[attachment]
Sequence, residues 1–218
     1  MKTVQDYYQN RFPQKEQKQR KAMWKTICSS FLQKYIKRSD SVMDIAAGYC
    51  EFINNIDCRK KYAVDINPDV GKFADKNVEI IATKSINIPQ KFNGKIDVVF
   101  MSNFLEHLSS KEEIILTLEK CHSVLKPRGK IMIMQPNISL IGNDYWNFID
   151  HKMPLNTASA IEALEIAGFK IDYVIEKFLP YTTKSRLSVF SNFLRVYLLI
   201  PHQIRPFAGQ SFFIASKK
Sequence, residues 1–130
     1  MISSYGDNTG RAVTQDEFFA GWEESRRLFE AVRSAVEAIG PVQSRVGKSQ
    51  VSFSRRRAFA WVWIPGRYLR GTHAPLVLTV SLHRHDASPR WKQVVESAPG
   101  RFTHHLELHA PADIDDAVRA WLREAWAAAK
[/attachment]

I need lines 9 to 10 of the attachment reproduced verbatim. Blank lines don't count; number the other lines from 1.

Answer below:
    51  VSFSRRRAFA WVWIPGRYLR GTHAPLVLTV SLHRHDASPR WKQVVESAPG
   101  RFTHHLELHA PADIDDAVRA WLREAWAAAK